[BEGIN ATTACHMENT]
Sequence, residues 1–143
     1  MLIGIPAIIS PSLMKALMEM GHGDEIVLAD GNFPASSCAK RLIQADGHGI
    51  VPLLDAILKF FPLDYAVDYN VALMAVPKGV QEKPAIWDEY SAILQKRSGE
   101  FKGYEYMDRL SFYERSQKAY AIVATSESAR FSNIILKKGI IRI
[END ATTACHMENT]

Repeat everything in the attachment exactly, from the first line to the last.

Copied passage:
Sequence, residues 1–143
     1  MLIGIPAIIS PSLMKALMEM GHGDEIVLAD GNFPASSCAK RLIQADGHGI
    51  VPLLDAILKF FPLDYAVDYN VALMAVPKGV QEKPAIWDEY SAILQKRSGE
   101  FKGYEYMDRL SFYERSQKAY AIVATSESAR FSNIILKKGI IRI